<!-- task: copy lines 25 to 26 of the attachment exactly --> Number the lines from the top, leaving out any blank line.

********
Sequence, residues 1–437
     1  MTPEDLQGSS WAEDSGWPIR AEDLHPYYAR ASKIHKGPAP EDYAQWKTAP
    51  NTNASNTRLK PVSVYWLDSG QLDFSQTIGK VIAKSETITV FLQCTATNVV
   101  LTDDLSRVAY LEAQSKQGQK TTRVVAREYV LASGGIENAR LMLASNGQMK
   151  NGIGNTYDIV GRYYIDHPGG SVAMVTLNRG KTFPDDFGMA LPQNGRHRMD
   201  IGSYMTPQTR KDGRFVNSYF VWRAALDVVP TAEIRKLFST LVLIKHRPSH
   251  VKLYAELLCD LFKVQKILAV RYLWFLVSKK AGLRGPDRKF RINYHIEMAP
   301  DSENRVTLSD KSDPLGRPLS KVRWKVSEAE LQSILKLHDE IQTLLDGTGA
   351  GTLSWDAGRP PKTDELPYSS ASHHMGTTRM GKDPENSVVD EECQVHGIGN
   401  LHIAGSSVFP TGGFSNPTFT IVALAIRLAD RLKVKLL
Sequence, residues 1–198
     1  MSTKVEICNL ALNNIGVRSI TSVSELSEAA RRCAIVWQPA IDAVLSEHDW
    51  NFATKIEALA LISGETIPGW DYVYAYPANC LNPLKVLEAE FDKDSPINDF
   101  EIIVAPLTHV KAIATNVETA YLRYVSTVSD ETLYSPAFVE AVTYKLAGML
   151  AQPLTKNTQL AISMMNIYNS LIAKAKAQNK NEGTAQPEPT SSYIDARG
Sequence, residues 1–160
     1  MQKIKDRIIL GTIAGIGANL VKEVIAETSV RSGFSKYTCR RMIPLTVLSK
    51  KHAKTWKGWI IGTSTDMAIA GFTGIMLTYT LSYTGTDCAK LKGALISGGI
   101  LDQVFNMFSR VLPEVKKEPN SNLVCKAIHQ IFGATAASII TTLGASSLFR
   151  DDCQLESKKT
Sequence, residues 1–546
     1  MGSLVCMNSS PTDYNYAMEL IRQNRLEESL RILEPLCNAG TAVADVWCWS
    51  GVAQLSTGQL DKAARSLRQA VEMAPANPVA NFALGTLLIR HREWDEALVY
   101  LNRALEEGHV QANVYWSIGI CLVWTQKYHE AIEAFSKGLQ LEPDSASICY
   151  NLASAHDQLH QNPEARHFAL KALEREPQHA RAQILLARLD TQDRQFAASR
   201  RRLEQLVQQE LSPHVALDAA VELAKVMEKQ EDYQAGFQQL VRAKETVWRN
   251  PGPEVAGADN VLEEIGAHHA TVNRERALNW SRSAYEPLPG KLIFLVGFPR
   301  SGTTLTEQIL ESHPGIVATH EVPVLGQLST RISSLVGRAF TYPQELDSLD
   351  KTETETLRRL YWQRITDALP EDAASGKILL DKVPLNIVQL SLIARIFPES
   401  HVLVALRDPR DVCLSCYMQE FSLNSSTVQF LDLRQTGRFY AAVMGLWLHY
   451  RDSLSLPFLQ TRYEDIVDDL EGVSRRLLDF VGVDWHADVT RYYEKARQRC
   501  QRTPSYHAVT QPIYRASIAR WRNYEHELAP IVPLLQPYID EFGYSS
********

   151  NLASAHDQLH QNPEARHFAL KALEREPQHA RAQILLARLD TQDRQFAASR
   201  RRLEQLVQQE LSPHVALDAA VELAKVMEKQ EDYQAGFQQL VRAKETVWRN